Artificial mountain landscape generated from financial graphs
For ‘Show Me the Money’
Group exhibition curated by Alistair Robinson
Northern Gallery for Contemporary Art
Chawton House, Hampshire
John Hansard Gallery, Southampton
Peoples’ History Museum, Manchester
Publication edited by Paul Crosthwaite, Peter Knight, and Nicky Marsh
Manchester University Press
In 2003 we made a work for the London School of Economics, titled ‘The Lost Horizon’. This was a fantasy mountain landscape generated from financial data provided by American Express, which we distributed through the LSE as a computer screensaver. A decade on, we commissioned the digital artist Massimo Verona to use commercial terrain-generating software to fuse the abstract profile of financial graphs with the illusory space of computer generated imagery.
The rise and fall of trade in the vertical scale of the graphs emerges as steep gradients resembling rock faces, cliffs and ravines. The passage of time on the horizontal scale encompasses the historical period 2003—2013. From the US invasion of Iraq, through the Global Financial Crisis, and the emergence of ‘online whistleblowers’, the landscape embodies a decade of trauma, chaos and revolution.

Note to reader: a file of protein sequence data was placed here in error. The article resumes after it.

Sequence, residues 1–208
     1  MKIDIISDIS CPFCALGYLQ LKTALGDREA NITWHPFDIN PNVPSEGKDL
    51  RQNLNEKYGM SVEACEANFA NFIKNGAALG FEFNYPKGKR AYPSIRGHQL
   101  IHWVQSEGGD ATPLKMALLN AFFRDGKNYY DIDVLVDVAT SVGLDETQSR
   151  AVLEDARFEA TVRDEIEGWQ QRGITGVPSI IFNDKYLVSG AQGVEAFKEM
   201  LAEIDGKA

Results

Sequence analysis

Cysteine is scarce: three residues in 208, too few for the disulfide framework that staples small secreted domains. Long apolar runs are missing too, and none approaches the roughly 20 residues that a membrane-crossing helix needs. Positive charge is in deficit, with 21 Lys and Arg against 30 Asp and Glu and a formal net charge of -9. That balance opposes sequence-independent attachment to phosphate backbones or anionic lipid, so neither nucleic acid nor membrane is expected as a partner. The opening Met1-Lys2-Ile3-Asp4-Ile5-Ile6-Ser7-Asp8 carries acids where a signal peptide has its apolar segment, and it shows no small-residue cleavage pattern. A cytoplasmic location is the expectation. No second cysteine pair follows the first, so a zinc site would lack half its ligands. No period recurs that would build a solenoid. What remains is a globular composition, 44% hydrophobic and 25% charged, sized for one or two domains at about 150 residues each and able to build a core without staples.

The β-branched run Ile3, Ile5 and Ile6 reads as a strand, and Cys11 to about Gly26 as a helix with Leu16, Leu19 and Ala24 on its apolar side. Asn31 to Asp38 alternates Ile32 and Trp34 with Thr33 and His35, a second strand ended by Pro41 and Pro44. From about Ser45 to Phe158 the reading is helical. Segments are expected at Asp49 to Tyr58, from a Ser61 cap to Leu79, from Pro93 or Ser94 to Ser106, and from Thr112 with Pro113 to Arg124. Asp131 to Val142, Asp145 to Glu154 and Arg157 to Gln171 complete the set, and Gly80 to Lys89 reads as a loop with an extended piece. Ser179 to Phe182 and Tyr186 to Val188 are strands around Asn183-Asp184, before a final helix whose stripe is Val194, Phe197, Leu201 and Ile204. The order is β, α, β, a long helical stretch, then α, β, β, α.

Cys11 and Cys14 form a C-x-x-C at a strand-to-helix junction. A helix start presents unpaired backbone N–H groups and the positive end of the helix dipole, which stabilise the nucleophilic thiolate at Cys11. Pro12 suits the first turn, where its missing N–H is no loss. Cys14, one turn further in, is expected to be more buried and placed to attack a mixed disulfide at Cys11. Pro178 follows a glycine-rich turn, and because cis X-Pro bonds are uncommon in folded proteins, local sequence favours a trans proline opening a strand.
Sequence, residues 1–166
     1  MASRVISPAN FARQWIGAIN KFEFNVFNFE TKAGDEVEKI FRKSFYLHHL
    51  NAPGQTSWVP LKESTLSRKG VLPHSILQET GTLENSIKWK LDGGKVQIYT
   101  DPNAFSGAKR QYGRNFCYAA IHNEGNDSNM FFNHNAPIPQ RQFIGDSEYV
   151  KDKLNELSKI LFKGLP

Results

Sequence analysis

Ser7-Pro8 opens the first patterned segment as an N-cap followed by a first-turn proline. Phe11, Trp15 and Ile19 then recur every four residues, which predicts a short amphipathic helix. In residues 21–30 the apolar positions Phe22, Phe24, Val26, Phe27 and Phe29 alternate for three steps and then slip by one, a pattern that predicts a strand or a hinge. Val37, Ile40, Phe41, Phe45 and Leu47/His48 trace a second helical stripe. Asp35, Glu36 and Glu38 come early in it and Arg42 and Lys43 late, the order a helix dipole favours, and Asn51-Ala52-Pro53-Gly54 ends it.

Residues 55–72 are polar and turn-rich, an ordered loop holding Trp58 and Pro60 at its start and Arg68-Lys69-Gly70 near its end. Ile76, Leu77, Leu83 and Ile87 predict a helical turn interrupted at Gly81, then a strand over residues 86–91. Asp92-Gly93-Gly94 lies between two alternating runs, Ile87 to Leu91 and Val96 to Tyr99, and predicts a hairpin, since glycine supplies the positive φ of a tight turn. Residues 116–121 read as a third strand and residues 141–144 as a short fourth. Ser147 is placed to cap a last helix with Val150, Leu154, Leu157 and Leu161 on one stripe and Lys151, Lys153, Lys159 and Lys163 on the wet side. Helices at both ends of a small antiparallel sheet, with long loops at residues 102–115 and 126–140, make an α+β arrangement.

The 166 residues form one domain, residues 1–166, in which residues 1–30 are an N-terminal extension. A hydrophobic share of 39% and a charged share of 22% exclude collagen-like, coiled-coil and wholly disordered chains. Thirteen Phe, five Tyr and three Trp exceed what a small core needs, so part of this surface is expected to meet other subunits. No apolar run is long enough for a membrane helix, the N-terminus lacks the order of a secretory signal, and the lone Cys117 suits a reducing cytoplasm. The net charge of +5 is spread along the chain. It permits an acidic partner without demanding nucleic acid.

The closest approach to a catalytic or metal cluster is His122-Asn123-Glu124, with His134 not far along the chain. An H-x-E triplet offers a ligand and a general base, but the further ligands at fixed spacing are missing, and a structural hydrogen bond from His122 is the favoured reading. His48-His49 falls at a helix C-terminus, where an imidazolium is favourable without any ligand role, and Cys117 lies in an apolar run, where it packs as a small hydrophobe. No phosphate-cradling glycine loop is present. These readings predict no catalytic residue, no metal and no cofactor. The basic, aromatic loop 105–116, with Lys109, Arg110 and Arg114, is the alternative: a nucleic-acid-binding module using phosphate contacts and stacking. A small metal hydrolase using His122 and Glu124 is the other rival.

During this period, developments in digital technology have been implicated in the course of events. From High Frequency Trading algorithms in the financial markets, to powerful new tools of simulation, visualization and mapping, advancements in understanding have been undercut by alienation and oppression, heightening the precarious relationship between the actual and the possible.
The title ‘Black Narcissus’ refers to the 1947 film by Michael Powell and Emeric Pressburger. Set high in the Himalayas, the narrative pictures a colonial venture brought to crisis by the tension between asceticism and sensuality. Reflecting on the futility of trying to shape reality to an image or ideal, the film makes subtle use of visual illusion to lend a dreamlike quality to the mountain landscape, heightening its symbolic ambiguity till it resonates with the force of repressed conflicts.